The GMAT is the test used to assess most applicants of MBA programs. Some schools waive the GMAT requirement or allow the GRE. However, it is likely that at least one of a student’s desired MBA programs will require the GMAT, so most students will have to take it.
What is the GMAT? It is a four-hour, computer-adaptive test. The GMAT scoring is broken up into four parts, corresponding to each of the four sections: AWA, IR, Quantitative and Verbal.
The GMAT starts with the Analytical Writing Assessment (AWA), or essay section. Students will be presented with an argument and then asked to write an article analyzing the validity of that argument. This section is scored on a scale of 0-6 in half-point increments and will take 30 minutes.
The integrated reasoning section also takes 30 minutes. Students will be tested on their ability to analyze information from multiple sources. They will be presented with information in a variety of forms, including written, graphs, charts and tables. They will have to answer 12 multi-part questions. The GMAT scoring for this section is on a scale of 1-8 in whole-point increments.
The quantitative section is 75 minutes long and consists of 37 questions. Those questions come in two forms. Problem-solving questions ask students to select the answer to a math problem from five answer choices. Data sufficiency questions ask students whether they can solve a problem with given information. This section is scored on a scale of 0-60. This section is also computer adaptive, which means that the GMAT scoring isn’t based solely on whether you answered the questions correctly, but also the difficulty level of the questions.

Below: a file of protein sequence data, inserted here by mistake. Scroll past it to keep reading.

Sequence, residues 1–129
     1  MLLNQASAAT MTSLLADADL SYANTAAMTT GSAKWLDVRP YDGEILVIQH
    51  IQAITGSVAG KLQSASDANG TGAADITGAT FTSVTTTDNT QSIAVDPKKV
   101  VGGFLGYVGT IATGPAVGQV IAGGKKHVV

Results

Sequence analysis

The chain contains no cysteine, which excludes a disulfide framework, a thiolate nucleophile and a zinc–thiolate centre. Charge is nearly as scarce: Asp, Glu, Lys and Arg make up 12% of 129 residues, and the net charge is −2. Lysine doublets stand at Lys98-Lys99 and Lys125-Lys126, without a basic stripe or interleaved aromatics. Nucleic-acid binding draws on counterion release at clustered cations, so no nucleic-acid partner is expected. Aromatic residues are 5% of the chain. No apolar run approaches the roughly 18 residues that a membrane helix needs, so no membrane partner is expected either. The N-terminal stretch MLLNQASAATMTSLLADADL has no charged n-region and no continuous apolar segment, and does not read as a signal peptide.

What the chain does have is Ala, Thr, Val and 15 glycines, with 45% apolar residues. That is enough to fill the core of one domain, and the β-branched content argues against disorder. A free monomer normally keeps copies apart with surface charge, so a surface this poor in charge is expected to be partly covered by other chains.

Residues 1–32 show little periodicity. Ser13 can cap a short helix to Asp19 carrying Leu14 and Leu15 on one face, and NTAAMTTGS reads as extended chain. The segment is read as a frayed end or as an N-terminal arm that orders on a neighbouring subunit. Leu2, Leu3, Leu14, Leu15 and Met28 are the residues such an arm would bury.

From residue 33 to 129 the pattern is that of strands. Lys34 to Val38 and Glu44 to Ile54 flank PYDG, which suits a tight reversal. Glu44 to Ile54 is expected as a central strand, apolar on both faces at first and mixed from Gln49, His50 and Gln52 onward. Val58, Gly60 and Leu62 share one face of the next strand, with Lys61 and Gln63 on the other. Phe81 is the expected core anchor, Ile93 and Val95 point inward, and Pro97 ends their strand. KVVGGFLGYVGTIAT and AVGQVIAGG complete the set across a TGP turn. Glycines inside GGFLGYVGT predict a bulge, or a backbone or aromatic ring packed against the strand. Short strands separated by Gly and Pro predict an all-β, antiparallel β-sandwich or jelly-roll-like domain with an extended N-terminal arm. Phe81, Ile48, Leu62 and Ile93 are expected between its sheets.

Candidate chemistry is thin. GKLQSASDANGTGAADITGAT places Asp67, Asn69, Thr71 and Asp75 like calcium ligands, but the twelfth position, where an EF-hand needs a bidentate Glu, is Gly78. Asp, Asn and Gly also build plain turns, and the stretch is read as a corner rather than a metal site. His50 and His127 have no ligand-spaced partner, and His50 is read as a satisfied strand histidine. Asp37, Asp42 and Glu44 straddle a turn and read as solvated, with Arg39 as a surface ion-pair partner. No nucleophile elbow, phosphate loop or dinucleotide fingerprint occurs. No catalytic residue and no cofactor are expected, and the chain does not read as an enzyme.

The final section on the GMAT is the verbal section, which is also 75 minutes and computer adaptive. This section has 41 questions of three types: critical reasoning, sentence correction and reading comprehension. This is also scored on a scale of 0-60. The verbal and quantitative scores together make up the overall score, which is on a scale of 200-800 in 10-point increments.
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